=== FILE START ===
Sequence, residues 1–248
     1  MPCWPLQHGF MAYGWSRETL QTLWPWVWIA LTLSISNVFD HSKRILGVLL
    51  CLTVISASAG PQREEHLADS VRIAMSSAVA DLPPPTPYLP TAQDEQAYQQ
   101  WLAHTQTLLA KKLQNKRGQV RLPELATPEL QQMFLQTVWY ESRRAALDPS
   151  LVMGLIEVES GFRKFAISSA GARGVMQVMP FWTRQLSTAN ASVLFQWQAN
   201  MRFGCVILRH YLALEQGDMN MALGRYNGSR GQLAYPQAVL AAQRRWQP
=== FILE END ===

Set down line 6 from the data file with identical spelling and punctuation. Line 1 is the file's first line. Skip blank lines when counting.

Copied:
   201  MRFGCVILRH YLALEQGDMN MALGRYNGSR GQLAYPQAVL AAQRRWQP